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Lanesboro Stone Dam

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1868, Dennis Galligan. South branch of the Root River.
  • (Photograph by Doug Ohman, 2003)
  • (Doug Ohman, 2003)
  • (Doug Ohman, 2003)

Completed in 1868, the Lanesboro Stone Dam was erected by the Lanesboro Townsite Company. The town’s founders, some of whom were investors in the Southern Minnesota Railroad Company, envisioned Lanesboro as a milling center, with wheat from the surrounding region milled in town and shipped east via the Southern Minnesota Railroad. The planned community’s prosperity hinged on the construction of a dam across the south branch of the Root River that would funnel water into a diversion canal to power the flour mills.

The first dam built by the Lanesboro Townsite Company was a gravity dam, formed of several stone tiers that resembled a stairway, with each tier set back from the one immediately below. A gravity dam is so heavy that the hydrostatic load (water pressure) cannot move it. But the design proved inadequate and the river soon pushed through it. The Lanesboro Townsite Company hired Irish immigrant Dennis Galligan to engineer a new dam. At the time, Galligan was also erecting buildings in Lanesboro, including the Galligan Block, an impressive two-story commercial building, and an opera house, one of the earliest cultural hubs in town.

Galligan erected an arch dam using locally quarried stone. A more elegant design than the gravity dam, an arch dam does not rely on weight to resist hydrostatic loads but on “arch action.” Pressure against the upstream face of the arch is carried through the arch and to the abutments at either end of the dam. Because of the arch’s shape (an arc curving upstream), the shear and bending forces pushing against it are minimized. Designing an arch dam to withstand a particular hydrostatic load is more technically demanding than designing a gravity dam. It is somewhat surprising that this nascent community mustered the expertise to complete such a complicated structure, yet the 193-foot-long, 25-foot-high dam has stood for nearly 150 years, validating the skill of those who built it. In fact, Galligan went on to become a railroad engineer, making a name for himself in the Upper Midwest and Canada.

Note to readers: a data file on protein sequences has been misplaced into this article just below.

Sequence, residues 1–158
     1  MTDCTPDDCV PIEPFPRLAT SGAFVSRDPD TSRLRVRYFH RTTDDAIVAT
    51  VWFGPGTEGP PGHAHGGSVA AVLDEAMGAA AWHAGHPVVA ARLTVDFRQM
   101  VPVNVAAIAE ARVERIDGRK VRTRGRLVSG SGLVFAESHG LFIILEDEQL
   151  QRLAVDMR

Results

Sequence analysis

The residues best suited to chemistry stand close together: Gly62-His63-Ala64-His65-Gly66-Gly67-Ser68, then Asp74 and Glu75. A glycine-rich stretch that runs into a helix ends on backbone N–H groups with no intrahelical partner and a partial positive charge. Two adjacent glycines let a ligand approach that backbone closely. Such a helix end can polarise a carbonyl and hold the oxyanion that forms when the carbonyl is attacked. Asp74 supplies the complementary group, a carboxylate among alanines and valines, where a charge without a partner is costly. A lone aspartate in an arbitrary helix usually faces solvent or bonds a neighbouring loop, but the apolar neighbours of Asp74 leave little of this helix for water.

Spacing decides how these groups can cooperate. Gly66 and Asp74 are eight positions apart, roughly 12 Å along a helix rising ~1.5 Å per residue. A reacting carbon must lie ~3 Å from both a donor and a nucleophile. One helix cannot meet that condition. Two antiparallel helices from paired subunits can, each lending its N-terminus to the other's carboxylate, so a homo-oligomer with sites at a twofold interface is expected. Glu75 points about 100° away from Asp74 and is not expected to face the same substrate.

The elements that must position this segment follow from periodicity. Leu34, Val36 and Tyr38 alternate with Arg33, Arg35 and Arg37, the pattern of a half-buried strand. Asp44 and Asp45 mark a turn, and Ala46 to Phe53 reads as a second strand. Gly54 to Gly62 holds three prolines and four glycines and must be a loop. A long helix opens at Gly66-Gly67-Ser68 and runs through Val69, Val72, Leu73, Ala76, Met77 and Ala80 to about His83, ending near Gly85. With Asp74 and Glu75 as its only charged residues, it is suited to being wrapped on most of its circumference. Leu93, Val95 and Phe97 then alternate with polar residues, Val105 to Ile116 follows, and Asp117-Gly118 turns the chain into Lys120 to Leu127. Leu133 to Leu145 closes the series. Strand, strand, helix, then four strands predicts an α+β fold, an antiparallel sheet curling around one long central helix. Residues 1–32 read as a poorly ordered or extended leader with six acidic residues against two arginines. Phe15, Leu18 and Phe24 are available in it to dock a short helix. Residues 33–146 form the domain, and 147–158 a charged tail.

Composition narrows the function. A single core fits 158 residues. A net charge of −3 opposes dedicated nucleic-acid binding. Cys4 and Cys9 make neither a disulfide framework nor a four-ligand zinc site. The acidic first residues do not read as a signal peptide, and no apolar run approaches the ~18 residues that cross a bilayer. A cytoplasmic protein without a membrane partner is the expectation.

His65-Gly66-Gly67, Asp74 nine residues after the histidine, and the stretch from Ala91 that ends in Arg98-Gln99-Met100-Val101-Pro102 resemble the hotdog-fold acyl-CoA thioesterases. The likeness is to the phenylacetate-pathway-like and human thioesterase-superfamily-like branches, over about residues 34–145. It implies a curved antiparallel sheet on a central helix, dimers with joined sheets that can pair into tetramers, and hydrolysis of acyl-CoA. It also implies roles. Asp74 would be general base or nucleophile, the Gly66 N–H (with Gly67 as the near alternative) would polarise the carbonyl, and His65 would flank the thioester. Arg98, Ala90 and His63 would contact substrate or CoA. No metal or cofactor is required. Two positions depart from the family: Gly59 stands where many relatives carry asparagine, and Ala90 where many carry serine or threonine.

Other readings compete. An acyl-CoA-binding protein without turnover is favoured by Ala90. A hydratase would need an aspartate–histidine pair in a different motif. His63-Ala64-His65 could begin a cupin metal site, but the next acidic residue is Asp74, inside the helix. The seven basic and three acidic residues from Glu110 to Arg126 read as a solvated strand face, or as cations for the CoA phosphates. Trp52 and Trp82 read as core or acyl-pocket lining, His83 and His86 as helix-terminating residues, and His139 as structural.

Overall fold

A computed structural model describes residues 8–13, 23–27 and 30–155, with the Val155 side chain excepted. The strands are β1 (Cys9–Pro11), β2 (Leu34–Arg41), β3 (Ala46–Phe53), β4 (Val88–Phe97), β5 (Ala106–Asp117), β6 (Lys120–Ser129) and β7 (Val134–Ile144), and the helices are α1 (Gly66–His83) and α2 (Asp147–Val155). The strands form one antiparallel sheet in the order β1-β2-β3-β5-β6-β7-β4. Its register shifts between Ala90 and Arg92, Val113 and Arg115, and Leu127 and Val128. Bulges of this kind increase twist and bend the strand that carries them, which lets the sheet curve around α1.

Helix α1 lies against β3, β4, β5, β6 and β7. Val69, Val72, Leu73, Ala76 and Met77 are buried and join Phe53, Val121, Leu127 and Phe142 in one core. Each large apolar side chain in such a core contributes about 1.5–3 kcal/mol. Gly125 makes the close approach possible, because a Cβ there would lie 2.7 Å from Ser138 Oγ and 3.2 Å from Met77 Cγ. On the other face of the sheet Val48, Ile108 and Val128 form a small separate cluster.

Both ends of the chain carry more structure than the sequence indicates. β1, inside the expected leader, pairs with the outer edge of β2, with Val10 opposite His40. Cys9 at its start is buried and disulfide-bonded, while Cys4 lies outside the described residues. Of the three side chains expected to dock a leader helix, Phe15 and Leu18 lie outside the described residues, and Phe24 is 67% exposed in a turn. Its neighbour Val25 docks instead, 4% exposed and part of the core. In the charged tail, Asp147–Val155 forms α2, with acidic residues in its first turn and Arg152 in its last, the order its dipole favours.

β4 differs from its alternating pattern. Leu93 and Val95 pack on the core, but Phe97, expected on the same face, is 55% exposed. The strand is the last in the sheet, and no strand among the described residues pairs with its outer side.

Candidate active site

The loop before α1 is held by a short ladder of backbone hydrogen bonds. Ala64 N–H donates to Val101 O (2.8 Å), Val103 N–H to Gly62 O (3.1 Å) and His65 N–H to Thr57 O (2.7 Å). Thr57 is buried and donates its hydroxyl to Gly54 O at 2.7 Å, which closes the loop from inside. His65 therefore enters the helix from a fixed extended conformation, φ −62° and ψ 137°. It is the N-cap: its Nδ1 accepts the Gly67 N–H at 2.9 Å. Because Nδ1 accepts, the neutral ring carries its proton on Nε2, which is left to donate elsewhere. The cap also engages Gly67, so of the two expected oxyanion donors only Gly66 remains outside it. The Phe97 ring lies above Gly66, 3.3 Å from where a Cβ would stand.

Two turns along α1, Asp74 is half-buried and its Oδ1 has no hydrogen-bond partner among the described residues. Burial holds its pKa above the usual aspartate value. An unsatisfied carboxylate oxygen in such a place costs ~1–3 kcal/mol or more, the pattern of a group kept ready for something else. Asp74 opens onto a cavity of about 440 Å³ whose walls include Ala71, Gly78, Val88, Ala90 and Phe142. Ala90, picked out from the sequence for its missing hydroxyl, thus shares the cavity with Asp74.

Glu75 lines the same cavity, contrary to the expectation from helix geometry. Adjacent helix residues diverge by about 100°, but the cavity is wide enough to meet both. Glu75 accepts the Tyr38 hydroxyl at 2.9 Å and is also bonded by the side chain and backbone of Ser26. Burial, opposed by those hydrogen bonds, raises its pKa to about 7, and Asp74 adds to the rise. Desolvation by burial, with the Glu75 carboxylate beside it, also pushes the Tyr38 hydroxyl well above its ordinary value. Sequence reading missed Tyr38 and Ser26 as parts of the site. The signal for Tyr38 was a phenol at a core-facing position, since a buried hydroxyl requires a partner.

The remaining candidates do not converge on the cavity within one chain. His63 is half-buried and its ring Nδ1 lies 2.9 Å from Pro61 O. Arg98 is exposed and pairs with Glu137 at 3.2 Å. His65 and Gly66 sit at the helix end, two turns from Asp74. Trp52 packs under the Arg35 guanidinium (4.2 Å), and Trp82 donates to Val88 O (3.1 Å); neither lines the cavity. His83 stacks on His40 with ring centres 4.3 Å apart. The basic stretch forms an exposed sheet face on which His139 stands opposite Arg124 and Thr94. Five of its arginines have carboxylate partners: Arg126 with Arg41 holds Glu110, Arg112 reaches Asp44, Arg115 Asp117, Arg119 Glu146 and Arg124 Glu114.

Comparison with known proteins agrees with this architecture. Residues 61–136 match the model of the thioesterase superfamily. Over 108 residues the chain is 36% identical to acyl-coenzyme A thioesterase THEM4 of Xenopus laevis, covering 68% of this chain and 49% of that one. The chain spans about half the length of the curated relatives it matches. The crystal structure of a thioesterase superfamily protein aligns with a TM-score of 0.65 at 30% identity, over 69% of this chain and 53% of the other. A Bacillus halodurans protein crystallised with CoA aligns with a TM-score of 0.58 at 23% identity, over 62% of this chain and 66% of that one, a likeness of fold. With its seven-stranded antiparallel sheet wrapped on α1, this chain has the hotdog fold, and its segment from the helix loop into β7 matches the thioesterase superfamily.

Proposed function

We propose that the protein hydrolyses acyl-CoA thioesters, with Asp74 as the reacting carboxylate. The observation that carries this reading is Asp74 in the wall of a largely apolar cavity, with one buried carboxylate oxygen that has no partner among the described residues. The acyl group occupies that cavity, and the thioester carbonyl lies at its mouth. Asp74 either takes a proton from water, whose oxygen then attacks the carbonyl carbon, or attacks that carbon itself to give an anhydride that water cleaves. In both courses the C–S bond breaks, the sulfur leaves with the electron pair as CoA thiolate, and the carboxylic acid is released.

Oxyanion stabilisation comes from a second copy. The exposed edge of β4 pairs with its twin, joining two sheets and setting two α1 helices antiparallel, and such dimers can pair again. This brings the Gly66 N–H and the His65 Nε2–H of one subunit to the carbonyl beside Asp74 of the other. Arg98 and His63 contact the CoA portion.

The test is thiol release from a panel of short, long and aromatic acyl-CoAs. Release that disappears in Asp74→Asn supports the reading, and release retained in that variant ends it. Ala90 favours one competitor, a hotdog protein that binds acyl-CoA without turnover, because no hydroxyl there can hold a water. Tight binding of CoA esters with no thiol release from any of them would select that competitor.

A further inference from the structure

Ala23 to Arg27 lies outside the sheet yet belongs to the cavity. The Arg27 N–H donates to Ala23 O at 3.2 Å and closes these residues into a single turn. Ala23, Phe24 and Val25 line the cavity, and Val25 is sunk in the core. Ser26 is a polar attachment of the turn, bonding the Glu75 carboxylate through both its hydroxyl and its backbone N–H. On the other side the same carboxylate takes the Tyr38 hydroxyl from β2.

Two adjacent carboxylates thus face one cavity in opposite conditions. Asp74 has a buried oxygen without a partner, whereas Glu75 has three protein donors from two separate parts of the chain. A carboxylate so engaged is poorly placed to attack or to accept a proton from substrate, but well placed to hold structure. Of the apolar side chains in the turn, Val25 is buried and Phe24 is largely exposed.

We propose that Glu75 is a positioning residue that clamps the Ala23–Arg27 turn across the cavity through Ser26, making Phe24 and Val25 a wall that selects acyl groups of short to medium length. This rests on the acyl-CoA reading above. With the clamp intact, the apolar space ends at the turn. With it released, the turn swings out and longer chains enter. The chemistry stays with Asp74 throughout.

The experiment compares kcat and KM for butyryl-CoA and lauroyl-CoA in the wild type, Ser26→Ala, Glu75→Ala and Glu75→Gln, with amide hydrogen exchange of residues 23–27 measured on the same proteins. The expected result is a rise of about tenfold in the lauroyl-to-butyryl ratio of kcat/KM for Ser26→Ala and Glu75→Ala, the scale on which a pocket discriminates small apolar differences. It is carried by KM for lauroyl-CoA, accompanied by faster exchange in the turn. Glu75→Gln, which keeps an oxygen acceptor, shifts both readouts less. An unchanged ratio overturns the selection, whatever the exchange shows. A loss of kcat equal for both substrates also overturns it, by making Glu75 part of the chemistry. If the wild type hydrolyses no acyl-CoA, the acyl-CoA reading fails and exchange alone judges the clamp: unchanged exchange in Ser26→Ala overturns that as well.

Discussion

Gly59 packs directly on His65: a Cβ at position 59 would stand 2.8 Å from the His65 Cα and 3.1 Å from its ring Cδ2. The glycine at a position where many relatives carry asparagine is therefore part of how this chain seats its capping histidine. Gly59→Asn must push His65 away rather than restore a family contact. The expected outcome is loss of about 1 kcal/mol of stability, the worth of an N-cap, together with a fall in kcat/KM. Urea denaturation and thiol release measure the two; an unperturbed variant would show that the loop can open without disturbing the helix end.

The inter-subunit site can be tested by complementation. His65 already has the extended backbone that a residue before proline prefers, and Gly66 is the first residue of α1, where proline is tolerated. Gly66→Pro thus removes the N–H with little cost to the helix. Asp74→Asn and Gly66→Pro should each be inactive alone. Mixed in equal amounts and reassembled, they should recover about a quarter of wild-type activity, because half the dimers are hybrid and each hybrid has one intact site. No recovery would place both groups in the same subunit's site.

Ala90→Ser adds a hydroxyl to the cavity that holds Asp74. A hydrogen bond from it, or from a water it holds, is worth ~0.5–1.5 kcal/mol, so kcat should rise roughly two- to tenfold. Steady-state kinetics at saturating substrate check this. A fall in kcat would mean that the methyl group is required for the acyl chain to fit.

Unfortunately, Lanesboro’s dream to become a southern Minnesota milling center was mostly quashed by the turn of the twentieth century. Wheat farming had so depleted the soil in the region that little of that crop type could grow. In fact, the two-mile-long, one-mile-wide lake created by construction of the $15,000 dam largely had filled in by this time as a result of soil runoff. The three mills along Lanesboro’s diversion canal closed. The collapse of the wheat industry in Lanesboro did not mean the end for the dam and diversion canal, however, and both remained vital to the community. In 1895 the town built a hydroelectric plant. Water directed into the diversion canal by the dam now fed into turbines at the hydroelectric plant, spinning them to generate electricity for the town’s residents. The plant was rebuilt in the 1920s.

Today Lanesboro’s dam continues to channel water into the diversion canal to generate electricity, although much of the river’s flow spills over the dam’s crest, creating a picturesque waterfall. The dam has become the defining symbol of Lanesboro and stands as one of the oldest stone arch dams in the country.


Gardner, Denis P. Minnesota Treasures: Stories Behind the State’s Historic Places. St. Paul: Minnesota Historical Society Press, 2004.

Frame, Robert M., “Lanesboro Historic District,” Fillmore County, Minnesota. National Register of Historic Places Inventory-Nomination Form, 1982. National Park Service, U.S. Department of the Interior, Washington, D.C.

Writing Credits

Denis P. Gardner
Frank Edgerton Martin
Victoria M. Young



  • 1868

    Designed and built


Denis P. Gardner, "Lanesboro Stone Dam", [Lanesboro, Minnesota], SAH Archipedia, eds. Gabrielle Esperdy and Karen Kingsley, Charlottesville: UVaP, 2012—,

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